Alban Maginness: How is it with Brexit dealings that the DUP has learned nothing and forgotten nothing as well?
Message sent out by big business about cost of a hard border should set alarm bells ringing, says Alban Maginness
The high profile visit of the European president Jean-Claude Juncker to Dublin last week was a deliberate and timely demonstration of the solidarity of the European Union with the government and people of the Irish Republic.
Not only did he meet with the Taoiseach and senior ministers, but he also addressed Dail Eireann - a privilege rarely granted to foreign leaders or heads of state - and he also formally met with President Michael D Higgins. It was akin to the visit of a head of state with all the usual formality and ceremony.
In his speech to the Irish parliament and at his press conference, he strongly emphasised the unity of the 26 member states of the Union with Ireland. He stressed that a solution to the Irish border question was a top priority for all the member states, not just Ireland.
It was not a bilateral matter to be dealt with between the Irish government and the United Kingdom government. This was a fundamental matter to be dealt with by the EU collectively and the UK government.
Jean-Claude Juncker pledged that the EU would not leave Ireland "isolated and alone" over the Brexit impasse.
He declared to the Dail that: "Ireland would come first."
Furthermore, he devastatingly dismissed the UK government's current proposals regarding Brexit. There could not have been a gloomier piece of political theatre for Prime Minister Theresa May to observe.
Meanwhile, on Sunday, basking in the uncharacteristic sunshine of the GAA Ulster Championship final in Clones, Arlene Foster was feted and greeted by top GAA officials and Irish politicians as she witnessed the 'Ernemen' from Co Fermanagh being beaten by a superior Donegal team. This was an imaginative - though overdue - step by the DUP leader, but one that ranks with Sinn Fein's recent Royal 'love-in', and which together adds to the lessening of political tensions.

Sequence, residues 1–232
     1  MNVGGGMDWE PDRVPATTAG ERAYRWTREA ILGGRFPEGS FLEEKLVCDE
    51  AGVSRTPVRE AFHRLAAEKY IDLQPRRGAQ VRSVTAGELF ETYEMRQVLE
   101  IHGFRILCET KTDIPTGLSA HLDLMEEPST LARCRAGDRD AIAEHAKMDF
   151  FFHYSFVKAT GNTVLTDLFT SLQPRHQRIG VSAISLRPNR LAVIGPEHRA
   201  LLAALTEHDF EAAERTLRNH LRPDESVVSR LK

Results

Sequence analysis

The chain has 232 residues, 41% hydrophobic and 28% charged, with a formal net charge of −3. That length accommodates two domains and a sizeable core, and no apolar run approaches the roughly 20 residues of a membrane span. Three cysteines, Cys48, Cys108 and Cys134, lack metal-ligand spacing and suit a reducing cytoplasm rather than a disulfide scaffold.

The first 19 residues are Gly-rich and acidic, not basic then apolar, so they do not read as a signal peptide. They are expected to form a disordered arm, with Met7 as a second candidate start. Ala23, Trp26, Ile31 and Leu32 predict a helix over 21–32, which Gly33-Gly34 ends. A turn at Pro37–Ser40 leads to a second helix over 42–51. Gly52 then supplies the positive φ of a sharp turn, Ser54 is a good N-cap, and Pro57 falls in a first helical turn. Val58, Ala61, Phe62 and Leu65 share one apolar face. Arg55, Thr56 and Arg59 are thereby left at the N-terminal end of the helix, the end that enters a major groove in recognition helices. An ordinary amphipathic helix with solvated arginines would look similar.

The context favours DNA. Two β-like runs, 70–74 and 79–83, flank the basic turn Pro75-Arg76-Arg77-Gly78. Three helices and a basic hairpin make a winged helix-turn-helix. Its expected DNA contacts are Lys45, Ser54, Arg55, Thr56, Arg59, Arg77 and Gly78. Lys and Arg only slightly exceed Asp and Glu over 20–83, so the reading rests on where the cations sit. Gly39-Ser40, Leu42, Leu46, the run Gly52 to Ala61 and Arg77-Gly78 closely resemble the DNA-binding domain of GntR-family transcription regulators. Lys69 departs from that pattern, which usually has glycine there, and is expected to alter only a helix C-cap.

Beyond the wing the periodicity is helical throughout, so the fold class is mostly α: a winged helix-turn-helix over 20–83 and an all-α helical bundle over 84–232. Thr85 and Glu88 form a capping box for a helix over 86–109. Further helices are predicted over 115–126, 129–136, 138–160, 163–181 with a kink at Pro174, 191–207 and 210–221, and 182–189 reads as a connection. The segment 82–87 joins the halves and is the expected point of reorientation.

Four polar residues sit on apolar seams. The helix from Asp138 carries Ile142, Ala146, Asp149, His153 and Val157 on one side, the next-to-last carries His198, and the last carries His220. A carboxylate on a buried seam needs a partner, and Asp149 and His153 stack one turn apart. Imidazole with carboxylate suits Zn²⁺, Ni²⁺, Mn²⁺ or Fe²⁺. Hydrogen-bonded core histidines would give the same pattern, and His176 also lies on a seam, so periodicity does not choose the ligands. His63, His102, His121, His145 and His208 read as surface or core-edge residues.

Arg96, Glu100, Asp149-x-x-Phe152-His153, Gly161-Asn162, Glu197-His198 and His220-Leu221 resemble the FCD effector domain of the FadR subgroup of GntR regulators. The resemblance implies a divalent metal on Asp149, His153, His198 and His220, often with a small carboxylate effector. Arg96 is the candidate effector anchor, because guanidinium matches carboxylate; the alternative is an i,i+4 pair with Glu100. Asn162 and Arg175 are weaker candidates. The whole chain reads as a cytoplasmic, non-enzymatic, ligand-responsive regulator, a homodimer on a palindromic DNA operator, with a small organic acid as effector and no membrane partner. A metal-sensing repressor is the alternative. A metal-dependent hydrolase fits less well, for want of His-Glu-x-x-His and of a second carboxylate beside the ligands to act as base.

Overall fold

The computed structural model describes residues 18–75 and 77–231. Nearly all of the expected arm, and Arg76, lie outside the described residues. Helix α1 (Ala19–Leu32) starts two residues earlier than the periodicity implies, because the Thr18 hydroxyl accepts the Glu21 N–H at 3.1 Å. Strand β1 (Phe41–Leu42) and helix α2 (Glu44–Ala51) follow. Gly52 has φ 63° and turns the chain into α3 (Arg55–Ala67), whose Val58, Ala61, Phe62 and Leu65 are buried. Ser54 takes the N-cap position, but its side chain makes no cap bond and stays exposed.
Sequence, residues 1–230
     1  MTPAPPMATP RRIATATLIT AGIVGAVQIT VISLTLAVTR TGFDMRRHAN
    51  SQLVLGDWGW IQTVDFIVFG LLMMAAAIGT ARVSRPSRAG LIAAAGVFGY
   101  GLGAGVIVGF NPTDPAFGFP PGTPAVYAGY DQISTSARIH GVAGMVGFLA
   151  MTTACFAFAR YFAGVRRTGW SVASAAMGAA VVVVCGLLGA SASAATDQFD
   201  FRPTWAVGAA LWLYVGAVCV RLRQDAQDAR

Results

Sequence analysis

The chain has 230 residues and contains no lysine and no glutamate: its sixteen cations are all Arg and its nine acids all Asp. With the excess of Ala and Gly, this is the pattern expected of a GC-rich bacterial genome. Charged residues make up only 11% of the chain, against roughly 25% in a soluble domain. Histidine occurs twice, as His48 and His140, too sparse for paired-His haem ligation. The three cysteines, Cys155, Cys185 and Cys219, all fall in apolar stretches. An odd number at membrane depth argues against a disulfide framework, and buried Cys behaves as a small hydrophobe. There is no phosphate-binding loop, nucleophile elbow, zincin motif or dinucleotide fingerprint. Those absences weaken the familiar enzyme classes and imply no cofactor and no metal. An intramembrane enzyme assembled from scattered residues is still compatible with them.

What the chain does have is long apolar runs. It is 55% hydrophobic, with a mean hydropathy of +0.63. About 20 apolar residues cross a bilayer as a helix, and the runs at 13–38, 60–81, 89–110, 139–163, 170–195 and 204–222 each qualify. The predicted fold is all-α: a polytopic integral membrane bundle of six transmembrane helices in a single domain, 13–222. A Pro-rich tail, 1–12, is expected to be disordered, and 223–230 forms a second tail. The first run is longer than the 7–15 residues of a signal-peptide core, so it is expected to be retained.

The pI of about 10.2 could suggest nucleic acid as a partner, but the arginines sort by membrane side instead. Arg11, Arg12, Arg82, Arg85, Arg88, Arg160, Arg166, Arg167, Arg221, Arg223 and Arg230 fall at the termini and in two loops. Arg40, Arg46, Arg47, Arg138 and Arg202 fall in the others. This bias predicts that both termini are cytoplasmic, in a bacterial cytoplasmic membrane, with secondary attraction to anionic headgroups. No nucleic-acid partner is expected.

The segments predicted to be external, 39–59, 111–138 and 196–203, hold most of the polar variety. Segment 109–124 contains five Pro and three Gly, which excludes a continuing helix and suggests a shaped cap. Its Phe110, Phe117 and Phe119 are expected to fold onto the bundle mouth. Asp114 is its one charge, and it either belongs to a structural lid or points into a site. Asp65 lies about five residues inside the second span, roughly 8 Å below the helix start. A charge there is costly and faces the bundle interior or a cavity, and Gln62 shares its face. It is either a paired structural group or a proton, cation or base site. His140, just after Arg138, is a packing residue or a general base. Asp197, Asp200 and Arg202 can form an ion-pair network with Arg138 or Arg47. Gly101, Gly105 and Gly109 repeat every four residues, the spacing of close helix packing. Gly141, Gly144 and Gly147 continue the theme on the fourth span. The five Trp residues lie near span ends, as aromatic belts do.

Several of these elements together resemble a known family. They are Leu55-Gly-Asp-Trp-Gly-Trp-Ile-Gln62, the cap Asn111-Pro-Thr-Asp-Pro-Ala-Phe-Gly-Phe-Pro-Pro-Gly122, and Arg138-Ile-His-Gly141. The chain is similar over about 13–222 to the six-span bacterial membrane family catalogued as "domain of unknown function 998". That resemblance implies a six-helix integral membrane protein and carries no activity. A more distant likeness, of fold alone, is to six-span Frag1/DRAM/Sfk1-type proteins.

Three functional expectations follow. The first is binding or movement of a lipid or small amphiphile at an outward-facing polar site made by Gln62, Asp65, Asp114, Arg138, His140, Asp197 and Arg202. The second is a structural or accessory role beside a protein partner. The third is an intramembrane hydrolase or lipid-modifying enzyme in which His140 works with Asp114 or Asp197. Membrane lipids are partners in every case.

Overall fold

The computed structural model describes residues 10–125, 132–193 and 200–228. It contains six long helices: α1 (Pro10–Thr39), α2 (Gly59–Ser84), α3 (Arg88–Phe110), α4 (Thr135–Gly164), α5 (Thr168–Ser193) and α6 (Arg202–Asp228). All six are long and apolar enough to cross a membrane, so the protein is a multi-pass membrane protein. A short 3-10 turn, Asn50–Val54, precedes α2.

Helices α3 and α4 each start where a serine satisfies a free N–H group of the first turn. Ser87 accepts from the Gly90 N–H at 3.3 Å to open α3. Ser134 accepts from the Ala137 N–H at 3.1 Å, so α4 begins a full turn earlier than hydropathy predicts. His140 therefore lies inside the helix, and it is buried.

For once the DUP leader has played clever gesture politics and created cross-community goodwill, an aspect usually absent from our current political discourse.
While all of this is to be welcomed, the DUP's aggressively pro-Brexit policy adds more grief than relief to local politics.
The DUP, like the Bourbons of old, have learned nothing and forgotten nothing, as far as dealing with Brexit is concerned.
Instead of embracing innovative ideas about a soft border - to which they notionally subscribe - they continue to pander to the worst elements of the Eurosceptic wing of the Conservative Party. This does not serve the economic interests of the people of Northern Ireland, nor does it serve the objective interests of the DUP as a unionist party.
Brexit, especially a hard Brexit, will actually weaken the union between Northern Ireland and Britain by creating serious and persistent unsolved problems over our local economy and the border itself.
Their ill-thought out position seems to be driven by political emotion, rather than political reality. All of this plays into the hands of their political opponents. The unionist cause should be working intelligently to encourage and to bring about a practical agreement between the UK and Europe, if for no other reason than to preserve the stability of the union with Britain.
Whether unionists believe it or not, Taoiseach Leo Varadkar's European stance is the best position for unionists to adopt and support. His position is that this region be treated as a special case and that we remain within the customs union and single market. This is the best position economically for Northern Ireland and it coincidentally accords with the objective political interests of unionism. The DUP's hostility to this sensible and pragmatic position is truly baffling.
Time is now running out on the Brexit negotiations and the worst possible scenario of a 'no deal' on Europe looks increasingly likely, if there is not a substantive change in the British government's position.
There are indeed ominous signs coming from big business that there may be a serious investment flight by big hitters in the industrial sector. The warnings from Airbus and BMW that investments in the UK could be jeopardised by the uncertainty over Brexit could not be clearer or starker. Airbus said it could leave Britain if Britain were to leave the EU's single market and customs union without a transition deal.
These alarming comments need to be taken seriously by the British government in its political calculations, and fresh effort be put into finding an acceptable solution to the Irish border question and other critical issues.
Withdrawing from Europe was always going to be a problematic course of action after 45 years of being embedded in the complex structures of the EU.
But to Theresa May it must seem like floundering haplessly in a huge lake of treacle. In these circumstances, the pivotal DUP should assist, not hinder a workable solution.